Part 1: Setting the Stage
Companies are fascinating things. At first glance, it seems they are just groups of strangers, stuffed together and paid to do things that make money. Ah, but if it were only that simple. In reality, companies are dynamic organisms, replete not just with intelligent, self-organizing human beings that change and grow individually, but evolve and transform collectively. Over time, companies hone and improve their capabilities with things like processes, procedures, and standards—the basic mechanics of doing business. With more time, intangibles emerge, like values, culture, and a particularly shifty phantom called status quo. These latter bits are far less mechanical, and far more difficult to manage. Before you know it, things are quite complicated and steering the ship takes more than just a helmsman: it requires the tightly coordinated efforts of its entire crew. This complex coordination, in a general sense, is just a simpler way of denoting the concept of strategic management.
Strategic management, as a practice, is nothing new. While some of the terminology we use today may have been coined as far back as the 50s and 60s, the acts of long-range thinking, long-term planning, and group cooperation have existed arguably since the dawn of humankind—perhaps even before. A recent wrinkle, however, is that there seems to be an assumption, a bias even, that large-scale strategic activity is only the business of big businesses. In my experience, the conventional wisdom is that smaller companies lack the time, resources, or even sophistication to engage in such a thing. But nothing could be further from the truth. Long-term strategic planning and management may be just as important and useful for small, agile businesses as it is for large, multinational organizations. I’ve seen firsthand the way it can galvanize and unite teams behind a common cause. Strategic management works.
What is strategic management?
First, let’s take a look at the orchestra. If you’ve ever been to the symphony, you’ll likely agree it’s quite a magical experience to see classical music performed live. There are so many instruments, so many individual performers all flowing in and out of one another’s movements in real time that it’s hard to know where to focus your attention. Naturally, your eyes settle on one of the more animated focal points, the conductor, and you may be tempted to think she/he is single-handedly holding everything together. But what is not always immediately apparent is the passion and the meticulous arrangement of the details by the composer, from that first moment when inspiration was wrought into musical notation. Also unseen are the endless iterations on the instruments, trying to find just the right chord progression, counterpoint, or resolution. The hundreds of hours spent practicing and tweaking details both by the musicians and the conductor lead up to that seemingly flawless presentation.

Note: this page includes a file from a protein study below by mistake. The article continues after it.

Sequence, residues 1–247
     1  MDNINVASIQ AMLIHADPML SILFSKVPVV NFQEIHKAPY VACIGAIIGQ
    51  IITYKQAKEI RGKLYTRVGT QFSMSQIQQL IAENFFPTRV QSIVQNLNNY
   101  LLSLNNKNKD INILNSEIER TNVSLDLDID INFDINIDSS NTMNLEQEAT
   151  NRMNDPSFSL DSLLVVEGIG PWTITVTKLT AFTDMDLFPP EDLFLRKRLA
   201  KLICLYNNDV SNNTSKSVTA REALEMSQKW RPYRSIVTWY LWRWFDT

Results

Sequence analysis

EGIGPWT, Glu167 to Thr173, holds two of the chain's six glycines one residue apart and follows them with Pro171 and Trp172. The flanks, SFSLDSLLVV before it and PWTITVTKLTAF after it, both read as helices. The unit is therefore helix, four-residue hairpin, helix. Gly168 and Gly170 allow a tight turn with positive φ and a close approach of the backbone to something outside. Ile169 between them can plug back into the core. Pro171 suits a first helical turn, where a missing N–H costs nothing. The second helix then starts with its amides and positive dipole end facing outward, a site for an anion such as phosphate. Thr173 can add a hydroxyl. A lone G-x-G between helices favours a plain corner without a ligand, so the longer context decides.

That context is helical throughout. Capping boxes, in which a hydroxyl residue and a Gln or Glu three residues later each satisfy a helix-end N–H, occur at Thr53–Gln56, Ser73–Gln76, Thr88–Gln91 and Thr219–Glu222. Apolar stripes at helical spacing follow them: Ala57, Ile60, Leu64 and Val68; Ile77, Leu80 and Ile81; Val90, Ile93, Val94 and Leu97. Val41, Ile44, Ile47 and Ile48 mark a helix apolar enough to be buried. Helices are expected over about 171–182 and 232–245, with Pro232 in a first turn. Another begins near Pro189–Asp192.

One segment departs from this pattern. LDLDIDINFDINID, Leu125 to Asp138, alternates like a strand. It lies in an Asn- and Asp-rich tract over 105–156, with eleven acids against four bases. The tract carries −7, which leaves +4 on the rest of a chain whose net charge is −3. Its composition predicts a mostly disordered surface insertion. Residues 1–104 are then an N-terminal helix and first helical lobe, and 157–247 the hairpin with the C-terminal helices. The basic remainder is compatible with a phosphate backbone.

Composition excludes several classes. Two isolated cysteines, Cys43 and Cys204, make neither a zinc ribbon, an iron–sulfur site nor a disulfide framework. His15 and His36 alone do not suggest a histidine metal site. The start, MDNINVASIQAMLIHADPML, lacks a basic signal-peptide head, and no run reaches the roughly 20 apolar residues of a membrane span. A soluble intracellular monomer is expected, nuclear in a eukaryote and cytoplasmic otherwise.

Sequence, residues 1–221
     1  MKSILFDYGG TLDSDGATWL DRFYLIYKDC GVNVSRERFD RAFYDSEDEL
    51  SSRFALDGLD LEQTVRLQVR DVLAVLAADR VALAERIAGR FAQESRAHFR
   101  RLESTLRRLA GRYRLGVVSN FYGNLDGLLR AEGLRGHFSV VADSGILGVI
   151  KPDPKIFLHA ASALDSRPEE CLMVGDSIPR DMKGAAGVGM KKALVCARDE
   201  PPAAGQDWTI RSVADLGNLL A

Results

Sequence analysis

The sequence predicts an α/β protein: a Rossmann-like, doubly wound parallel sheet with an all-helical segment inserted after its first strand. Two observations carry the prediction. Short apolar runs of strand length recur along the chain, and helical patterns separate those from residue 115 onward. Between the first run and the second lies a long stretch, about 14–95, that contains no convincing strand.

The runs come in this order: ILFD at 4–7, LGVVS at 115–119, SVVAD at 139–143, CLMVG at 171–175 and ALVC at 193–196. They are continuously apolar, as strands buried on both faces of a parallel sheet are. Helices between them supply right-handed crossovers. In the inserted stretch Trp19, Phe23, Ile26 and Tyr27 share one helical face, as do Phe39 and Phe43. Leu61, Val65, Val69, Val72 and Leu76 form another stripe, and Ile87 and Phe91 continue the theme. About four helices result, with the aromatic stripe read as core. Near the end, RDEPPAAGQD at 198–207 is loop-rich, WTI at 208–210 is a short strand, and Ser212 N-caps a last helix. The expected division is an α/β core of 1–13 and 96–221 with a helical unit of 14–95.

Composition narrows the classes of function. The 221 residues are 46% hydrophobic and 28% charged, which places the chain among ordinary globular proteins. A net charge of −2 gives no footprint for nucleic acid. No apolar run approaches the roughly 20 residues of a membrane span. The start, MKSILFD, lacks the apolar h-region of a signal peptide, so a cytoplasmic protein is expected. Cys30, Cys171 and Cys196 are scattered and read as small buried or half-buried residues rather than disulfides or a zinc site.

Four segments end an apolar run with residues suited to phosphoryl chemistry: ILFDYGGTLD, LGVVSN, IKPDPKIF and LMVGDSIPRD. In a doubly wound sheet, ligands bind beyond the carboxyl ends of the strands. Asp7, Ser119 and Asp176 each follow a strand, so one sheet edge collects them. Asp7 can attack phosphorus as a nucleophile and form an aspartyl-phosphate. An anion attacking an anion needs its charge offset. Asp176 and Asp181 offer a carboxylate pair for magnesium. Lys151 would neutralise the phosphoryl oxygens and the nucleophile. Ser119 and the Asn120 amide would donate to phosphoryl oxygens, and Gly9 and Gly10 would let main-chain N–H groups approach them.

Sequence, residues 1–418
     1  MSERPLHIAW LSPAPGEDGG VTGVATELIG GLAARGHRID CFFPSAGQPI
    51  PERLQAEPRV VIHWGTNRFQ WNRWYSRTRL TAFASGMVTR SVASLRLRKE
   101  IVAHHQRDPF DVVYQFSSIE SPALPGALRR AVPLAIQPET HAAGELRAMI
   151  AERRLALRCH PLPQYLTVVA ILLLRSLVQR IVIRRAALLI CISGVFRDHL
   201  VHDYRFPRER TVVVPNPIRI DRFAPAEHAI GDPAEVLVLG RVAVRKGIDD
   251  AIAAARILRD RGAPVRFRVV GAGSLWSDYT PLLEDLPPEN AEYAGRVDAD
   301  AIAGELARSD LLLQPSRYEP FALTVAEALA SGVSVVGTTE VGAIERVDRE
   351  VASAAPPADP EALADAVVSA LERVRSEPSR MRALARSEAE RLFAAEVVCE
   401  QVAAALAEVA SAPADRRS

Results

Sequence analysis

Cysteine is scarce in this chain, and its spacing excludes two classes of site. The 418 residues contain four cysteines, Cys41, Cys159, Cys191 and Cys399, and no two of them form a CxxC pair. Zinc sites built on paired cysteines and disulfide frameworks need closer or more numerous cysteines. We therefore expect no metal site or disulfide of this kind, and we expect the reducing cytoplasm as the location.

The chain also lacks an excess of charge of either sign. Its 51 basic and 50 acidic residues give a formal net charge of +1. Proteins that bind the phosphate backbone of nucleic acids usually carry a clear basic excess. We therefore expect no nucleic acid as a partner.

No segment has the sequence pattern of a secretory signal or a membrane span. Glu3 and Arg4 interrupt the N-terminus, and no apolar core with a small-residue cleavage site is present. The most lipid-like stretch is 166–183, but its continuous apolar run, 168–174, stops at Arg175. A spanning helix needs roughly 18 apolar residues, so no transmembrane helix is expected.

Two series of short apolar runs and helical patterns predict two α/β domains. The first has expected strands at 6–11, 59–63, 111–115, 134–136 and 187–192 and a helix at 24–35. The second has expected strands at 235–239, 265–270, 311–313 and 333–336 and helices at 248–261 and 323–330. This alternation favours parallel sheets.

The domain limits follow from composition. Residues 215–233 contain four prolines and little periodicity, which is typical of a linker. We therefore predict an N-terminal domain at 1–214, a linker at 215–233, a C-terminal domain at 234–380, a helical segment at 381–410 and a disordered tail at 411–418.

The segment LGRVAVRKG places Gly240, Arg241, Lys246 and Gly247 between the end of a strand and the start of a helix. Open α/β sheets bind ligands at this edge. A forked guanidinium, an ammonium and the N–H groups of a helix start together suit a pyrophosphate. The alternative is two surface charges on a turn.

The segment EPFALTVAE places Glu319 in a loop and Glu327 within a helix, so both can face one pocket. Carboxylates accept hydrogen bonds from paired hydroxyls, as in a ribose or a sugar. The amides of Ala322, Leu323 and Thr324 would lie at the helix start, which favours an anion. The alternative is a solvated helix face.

I can think of no better analogy for strategic planning and management, as it’s an initiative that has its own brand of composers, conductors, and performers. Like an orchestra, timing and coordination of strategic activities are imperative to creating a sense of rhythm and harmony. If one musician starts from the beginning of the piece, and another starts from the middle, a disjointed cacophony results. If the conductor leaves the stage one-third of the way into the symphony, you can expect the outcome will not be optimal. Likewise, if the moving parts within a company’s strategic initiative become disjointed or if the leadership becomes too distant, you can expect the framework to crumble beneath the weight of its scope.
Strategic management, in its most basic sense, is the act of the entire organization participating in:
- Thinking about and documenting collective long-term goals and objectives
- Devising plans to reach those goals—a roadmap between the present and the future
- Activating the necessary resources to initiate and execute the plan
- Putting mechanisms in place to observe and manage measurable progress
For me, that’s it. Some folks would argue for much more rigid or involved systems, but the more we encumber the definition, the more we run the risk of making it more challenging to execute. Any company can (and should) address the four cardinal points above, regardless of practice, industry, or size.
Why Does Strategic Management Work?
First and foremost, it satisfies the stated objectives of the organization. “I want to accomplish this, and this is how I will do that, and this is the progress I’ve made.” It’s a recipe that simply seeks to clarify and make explicit larger company goals, in turn making them vastly more achievable.
In addition, expect the following ancillary benefits from devising and executing strategic plans. They:
- Connect people (sometimes disparate, disconnected, or otherwise uncomfortable)
- Lead to spontaneous discovery: new perspectives, new insights, unanticipated topics, learning
- Zoom out of the daily grind and emphasize a “bigger picture” mentality
- Encourage critical and abstract thinking
- Promote a visceral sense of group cohesion by orchestrating activities between departments
- Provide a meaningful frame of reference for less sexy (i.e., more mundane) tasks
- Empower and excite individuals to get involved in something bigger than themselves
Anyone can cover the basics in any way they see fit for their organization, but only to the extent that they are ready to participate in the process. It’s the participating in the process that, itself, can yield unexpected benefits and spark curiosity, experimentation, and learning. In The Organizational Orchestra, Part 2 · Conducting Business, we’ll take a more detailed look at the components that comprise strategic plans and a series of tips for small businesses to execute them effectively.